I’ve been following her on Twitter for ages and think she’s absolutely hilarious. I feel like we’d get up to shenanigans, stare at random strangers a lot, and eat a bunch of watermelon. Sounds like the perfect day, right?

4. Sarah J. Maas
I unashamedly fangirl over all of her books, especially The Assassin’s Blade and (most recently) A Court of Thorns and Roses. I’d love to see her and Susan Dennard give a talk since their friendship is too cute.

5. Neil Gaiman
I’d absolutely love to see what goes on inside his head, since all of his stories are incredibly imaginative and enchanting – both the ones for children and for adults.

6. Lemony Snicket / Daniel Handler
One of my favourite childhood series was A Series of Unfortunate Events, and after re-reading it a couple of summers ago, I found it every bit as wonderful – especially now that I understand all the dark humour. His writing style is just so fantastic, and these books are a huge part of why I’m an avid reader today.

7. Maggie Stiefvater
The emotional rollercoaster that The Raven Cycle has taken me on means that I need to sit down with Maggie and discuss all those beautiful characters. And Camaros. And find out where I can befriend a Gansey or Ronan in real life.

8. Stephanie Perkins
I’ve reread Anna and the French Kiss a million times, and Isla and the Happily Ever After led to some serious reflection and tears on my part. Anna is the book that got me into reading contemporary romance, partially because it could have been the story of my life (aside from the Paris part) and partially because of Etienne.

9. George R.R. Martin
I’m always so impressed that he can keep so many different plot-lines and characters straight. Plus, I’d love to try to convince him to tell me all about Winds of Winter, since I’ve been impatiently waiting on it for a while.

10. Erin Morgenstern
The Night Circus is one of my all-time favourite books, and I’ve been known to chat for hours about the tents and how beautiful my mental image of the Cirque des Reves is. The meeting may or may not involve pestering her to make another book in that world, too.

Which authors do you desperately want to meet? Leave me a list or a link to your Top Ten Tuesday post in the comments below.

Review | The School for Good and Evil by Soman Chainani

The first kidnappings happened two hundred years before. Some years it was two boys taken, some years two girls, sometimes one of each. But if at first the choices seemed random, soon the pattern became clear. One was always beautiful and good, the child every parent wanted as their own. The other was homely and odd, an outcast from birth. An opposing pair, plucked from youth and spirited away.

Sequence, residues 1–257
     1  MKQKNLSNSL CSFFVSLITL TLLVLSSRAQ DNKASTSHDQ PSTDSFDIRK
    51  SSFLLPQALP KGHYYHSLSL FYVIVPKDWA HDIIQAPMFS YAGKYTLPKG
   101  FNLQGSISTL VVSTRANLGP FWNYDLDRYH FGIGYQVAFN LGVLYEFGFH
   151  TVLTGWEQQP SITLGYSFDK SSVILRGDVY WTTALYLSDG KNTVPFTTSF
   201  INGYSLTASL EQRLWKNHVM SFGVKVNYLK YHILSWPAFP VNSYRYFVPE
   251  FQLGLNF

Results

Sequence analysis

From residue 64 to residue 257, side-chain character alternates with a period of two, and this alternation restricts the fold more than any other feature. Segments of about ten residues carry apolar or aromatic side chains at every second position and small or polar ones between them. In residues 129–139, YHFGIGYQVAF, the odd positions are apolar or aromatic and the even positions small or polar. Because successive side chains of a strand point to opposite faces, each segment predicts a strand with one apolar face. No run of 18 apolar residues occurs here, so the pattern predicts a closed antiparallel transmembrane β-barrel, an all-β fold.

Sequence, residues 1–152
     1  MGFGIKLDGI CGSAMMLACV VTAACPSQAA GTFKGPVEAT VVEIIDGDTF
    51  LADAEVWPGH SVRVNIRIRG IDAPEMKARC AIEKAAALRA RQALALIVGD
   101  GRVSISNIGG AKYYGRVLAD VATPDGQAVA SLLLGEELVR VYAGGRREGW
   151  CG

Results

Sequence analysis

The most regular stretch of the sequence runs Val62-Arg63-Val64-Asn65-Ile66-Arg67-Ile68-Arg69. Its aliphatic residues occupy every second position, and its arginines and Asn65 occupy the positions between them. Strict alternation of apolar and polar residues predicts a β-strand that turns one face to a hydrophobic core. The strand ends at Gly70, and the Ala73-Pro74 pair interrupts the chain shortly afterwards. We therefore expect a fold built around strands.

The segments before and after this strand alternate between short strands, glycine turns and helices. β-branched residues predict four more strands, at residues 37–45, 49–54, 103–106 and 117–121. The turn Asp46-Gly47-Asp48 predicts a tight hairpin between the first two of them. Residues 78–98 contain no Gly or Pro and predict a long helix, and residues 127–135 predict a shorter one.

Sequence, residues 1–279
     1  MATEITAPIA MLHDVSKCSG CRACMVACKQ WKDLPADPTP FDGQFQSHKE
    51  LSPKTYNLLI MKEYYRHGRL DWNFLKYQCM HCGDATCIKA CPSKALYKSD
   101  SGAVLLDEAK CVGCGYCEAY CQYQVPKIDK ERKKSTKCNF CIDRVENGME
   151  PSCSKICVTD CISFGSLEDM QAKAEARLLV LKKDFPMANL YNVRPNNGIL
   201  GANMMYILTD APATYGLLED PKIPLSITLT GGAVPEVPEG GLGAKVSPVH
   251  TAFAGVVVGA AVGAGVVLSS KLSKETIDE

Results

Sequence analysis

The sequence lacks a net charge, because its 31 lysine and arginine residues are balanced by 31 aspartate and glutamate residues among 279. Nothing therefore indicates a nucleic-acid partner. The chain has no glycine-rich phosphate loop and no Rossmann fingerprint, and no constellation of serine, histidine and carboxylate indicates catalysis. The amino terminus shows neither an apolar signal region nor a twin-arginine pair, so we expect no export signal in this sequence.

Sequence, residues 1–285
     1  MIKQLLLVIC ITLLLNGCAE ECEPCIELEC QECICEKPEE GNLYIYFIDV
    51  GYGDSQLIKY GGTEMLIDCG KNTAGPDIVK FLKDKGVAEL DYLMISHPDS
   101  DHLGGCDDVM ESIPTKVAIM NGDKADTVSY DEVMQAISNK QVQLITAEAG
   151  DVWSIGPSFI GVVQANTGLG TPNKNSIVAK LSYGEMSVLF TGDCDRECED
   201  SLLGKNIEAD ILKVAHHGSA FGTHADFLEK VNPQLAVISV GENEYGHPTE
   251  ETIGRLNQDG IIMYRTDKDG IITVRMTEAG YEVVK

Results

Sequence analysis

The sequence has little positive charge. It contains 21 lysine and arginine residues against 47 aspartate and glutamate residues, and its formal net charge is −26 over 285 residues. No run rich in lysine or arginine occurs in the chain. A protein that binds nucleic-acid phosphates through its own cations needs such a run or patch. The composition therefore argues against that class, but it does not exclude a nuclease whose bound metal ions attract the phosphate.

This year, best friends Sophie and Agatha are about to discover where all the lost children go: the fabled School for Good & Evil, where ordinary boys and girls are trained to be fairy tale heroes and villains. As the most beautiful girl in Gavaldon, Sophie has dreamed of being kidnapped into an enchanted world her whole life. With her pink dresses, glass slippers, and devotion to good deeds, she knows she’ll earn top marks at the School for Good and graduate a storybook princess. Meanwhile Agatha, with her shapeless black frocks, wicked pet cat, and dislike of nearly everyone, seems a natural fit for the School for Evil.

But when the two girls are swept into the Endless Woods, they find their fortunes reversed—Sophie’s dumped in the School for Evil to take Uglification, Death Curses, and Henchmen Training, while Agatha finds herself in the School For Good, thrust amongst handsome princes and fair maidens for classes in Princess Etiquette and Animal Communication.. But what if the mistake is actually the first clue to discovering who Sophie and Agatha really are…?

The School for Good & Evil is an epic journey into a dazzling new world, where the only way out of a fairy tale is to live through one.

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The School for Good and Evil would make an excellent movie. It has an original premise and vivid descriptions, and also deconstructs fairytale tropes in a tongue-in-cheek kind of way. It’s adorable, creative, and (surprisingly) quite dark at times, so I could easily visualize it as a cross between Shrek and Into the Woods, if it were to get the Disney treatment.

One of the things that I loved the most about The School for Good and Evil was its underlying messages. No one is inherently good or bad. You don’t have to live up to others’ expectations or society’s ideals. The School for Good and Evil also made mention of how looks aren’t everything, and that it’s the choices we make and what’s on the inside that truly count. Unfortunately, I didn’t feel as though this last message was as effectively presented – which is unfortunate, given that it’s truly important.

Our main characters, Agatha and Sophie, were the perfect foil for one another. Agatha was quite easy to sympathize with and root for, but Sophie was less likeable. That being said, I absolutely loved the character arc that Sophie went on – especially once she realized how truly important her friendship with Agatha was.

Overall, The School for Good and Evil was creative, entertaining, and filled with so many excellent messages. I’m excited to see where Agatha and Sophie’s tale goes next!